Frédéric D’Haene is a Belgian avant-garde composer who studied with several renowned European and American composers. But it was his 1986 discovery of gagaku (court music of Japan) which dramatically changed the direction of his musical worldview. D’Haene’s study of gagaku – a musical genre a world apart from his own – and its incorporation in his scores, ultimately resulted in what the composer calls “paradoxophony” or “paradoxical coexistence.” This transcultural approach has informed his compositions ever since.
Music with Silent Aitake’s – performed by the esteemed Reigakusha ensemble joined by the premier group Ensemble Modern, both conducted by Kasper De Roo – is a banner example of that approach. Scored for gagaku and chamber orchestra, the five-part work exemplifies D’Haene’s ideal of the coexistence of Western and Japanese instrumental worlds. The liner notes underscore the composer’s key aim: pluralism. It’s an aesthetic and social vision of coexistence which does not favour one musical world over another.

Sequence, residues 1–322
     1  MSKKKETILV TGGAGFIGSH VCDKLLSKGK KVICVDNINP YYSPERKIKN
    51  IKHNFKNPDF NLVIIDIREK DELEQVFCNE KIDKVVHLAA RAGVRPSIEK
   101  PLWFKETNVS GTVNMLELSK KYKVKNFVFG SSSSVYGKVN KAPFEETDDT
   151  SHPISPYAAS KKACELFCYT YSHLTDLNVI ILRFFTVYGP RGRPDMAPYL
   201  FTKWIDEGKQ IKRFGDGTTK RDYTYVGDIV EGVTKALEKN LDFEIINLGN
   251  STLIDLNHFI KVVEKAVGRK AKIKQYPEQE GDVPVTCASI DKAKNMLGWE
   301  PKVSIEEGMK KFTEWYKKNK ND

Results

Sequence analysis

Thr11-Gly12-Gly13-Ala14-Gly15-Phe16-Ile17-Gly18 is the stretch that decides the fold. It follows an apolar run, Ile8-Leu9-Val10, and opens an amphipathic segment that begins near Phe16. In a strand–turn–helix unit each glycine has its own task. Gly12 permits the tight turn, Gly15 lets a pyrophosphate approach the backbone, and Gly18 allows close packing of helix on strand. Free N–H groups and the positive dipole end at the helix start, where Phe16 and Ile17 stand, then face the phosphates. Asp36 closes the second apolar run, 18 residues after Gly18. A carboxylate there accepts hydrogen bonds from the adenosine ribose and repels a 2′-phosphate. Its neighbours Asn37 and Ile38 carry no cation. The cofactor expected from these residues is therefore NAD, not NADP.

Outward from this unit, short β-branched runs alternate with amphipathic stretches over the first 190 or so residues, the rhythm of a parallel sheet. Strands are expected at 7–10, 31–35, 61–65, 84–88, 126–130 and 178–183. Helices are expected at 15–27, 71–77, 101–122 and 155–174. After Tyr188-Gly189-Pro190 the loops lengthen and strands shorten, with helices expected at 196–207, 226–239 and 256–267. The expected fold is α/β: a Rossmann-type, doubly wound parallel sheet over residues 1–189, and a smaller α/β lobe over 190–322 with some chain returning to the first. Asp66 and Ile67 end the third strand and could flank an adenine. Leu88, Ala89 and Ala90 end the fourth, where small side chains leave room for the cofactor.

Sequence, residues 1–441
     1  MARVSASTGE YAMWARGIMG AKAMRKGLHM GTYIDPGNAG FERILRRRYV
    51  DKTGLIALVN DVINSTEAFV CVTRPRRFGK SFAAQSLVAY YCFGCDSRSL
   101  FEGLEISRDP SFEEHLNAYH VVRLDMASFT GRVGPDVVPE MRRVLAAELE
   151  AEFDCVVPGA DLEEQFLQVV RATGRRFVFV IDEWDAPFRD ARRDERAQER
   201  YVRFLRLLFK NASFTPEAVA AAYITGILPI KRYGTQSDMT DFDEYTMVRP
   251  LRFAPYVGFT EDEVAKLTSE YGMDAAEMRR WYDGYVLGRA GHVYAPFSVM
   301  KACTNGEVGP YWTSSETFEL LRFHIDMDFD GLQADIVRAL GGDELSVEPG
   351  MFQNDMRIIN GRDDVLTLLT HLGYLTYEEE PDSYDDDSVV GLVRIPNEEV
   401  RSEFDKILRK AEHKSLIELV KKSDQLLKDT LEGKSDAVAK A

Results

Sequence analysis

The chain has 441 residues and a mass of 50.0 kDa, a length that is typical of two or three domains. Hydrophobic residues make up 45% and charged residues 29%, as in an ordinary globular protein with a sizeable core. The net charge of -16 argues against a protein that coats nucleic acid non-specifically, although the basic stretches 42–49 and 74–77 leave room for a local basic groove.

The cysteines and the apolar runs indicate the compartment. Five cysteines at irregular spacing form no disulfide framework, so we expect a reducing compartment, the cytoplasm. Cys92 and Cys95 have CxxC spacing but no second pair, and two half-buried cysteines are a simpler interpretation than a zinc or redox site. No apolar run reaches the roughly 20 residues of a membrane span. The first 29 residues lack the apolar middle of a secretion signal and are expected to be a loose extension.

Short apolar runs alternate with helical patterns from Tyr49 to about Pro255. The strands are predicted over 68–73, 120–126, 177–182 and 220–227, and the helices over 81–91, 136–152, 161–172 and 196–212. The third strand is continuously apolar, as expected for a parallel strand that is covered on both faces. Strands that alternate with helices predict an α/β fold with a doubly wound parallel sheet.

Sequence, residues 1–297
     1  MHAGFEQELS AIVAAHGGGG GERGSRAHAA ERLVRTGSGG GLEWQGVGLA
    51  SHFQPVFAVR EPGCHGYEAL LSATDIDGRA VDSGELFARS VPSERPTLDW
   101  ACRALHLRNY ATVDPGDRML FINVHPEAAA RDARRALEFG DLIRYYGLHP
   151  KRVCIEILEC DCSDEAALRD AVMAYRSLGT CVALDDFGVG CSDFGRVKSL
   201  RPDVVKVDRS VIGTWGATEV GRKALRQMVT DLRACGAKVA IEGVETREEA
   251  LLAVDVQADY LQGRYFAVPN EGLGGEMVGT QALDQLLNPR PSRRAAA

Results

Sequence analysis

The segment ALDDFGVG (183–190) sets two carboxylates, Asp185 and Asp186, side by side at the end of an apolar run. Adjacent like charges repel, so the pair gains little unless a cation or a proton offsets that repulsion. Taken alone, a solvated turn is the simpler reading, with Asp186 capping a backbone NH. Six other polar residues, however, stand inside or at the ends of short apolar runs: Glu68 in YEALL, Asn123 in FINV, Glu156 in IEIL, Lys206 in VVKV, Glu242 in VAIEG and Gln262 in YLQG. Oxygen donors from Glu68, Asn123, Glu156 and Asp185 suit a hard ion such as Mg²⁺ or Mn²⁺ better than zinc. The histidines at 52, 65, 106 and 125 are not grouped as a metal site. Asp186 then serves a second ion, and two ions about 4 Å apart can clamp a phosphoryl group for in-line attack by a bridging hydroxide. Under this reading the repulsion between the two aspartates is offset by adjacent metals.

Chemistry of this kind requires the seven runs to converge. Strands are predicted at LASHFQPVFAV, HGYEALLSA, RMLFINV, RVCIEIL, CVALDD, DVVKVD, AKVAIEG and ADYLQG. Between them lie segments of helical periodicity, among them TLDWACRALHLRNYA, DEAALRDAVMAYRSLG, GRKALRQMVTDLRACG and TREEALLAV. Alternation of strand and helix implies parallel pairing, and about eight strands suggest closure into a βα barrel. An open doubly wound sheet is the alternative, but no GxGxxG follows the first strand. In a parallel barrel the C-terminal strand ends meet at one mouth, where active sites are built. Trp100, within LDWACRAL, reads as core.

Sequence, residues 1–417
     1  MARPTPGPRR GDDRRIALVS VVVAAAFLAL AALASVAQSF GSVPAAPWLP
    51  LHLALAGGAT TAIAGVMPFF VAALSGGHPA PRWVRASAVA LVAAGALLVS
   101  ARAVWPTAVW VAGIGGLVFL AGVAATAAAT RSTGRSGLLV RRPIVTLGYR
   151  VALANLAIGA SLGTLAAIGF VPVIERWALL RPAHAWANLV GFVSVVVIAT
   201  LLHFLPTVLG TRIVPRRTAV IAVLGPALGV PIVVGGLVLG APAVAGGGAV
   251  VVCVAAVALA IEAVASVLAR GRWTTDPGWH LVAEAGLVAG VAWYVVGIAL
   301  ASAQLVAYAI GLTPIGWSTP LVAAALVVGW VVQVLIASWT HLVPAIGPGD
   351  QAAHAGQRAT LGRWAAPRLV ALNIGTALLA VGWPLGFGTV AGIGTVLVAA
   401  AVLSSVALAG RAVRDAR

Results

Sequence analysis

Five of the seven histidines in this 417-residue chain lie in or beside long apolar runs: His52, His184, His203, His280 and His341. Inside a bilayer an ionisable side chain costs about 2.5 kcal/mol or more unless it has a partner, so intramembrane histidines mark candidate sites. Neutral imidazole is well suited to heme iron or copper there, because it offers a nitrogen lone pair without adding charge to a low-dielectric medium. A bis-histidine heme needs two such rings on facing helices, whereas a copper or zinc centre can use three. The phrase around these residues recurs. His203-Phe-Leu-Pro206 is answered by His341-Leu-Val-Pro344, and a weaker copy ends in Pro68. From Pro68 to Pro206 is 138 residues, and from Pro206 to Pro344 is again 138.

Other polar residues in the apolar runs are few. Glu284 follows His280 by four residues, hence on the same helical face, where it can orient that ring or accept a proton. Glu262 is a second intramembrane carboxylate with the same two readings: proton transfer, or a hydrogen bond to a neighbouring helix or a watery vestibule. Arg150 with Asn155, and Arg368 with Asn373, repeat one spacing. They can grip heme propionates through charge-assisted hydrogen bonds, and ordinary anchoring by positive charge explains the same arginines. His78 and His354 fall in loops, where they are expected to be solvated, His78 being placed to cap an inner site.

D’Haene’s principle of paradoxophony penetrates his combinations of perceived dual opposites in Music with Silent Aitake’s. We hear modality, atonality and spectral music techniques, stasis and dynamism, sound mass and silence, as well as simplicity and complexity coexisting within both random and organized forms.
Deliberately avoiding Eurocentricity, exoticism or easy melody-with-accompaniment tropes D’Haene has indeed fostered a kind of musical common ground between his chosen two groups in this work. That he’s done so maintaining the integrity of their identities and performing traditions, while expressing his own forceful vision, is indeed an impressive achievement.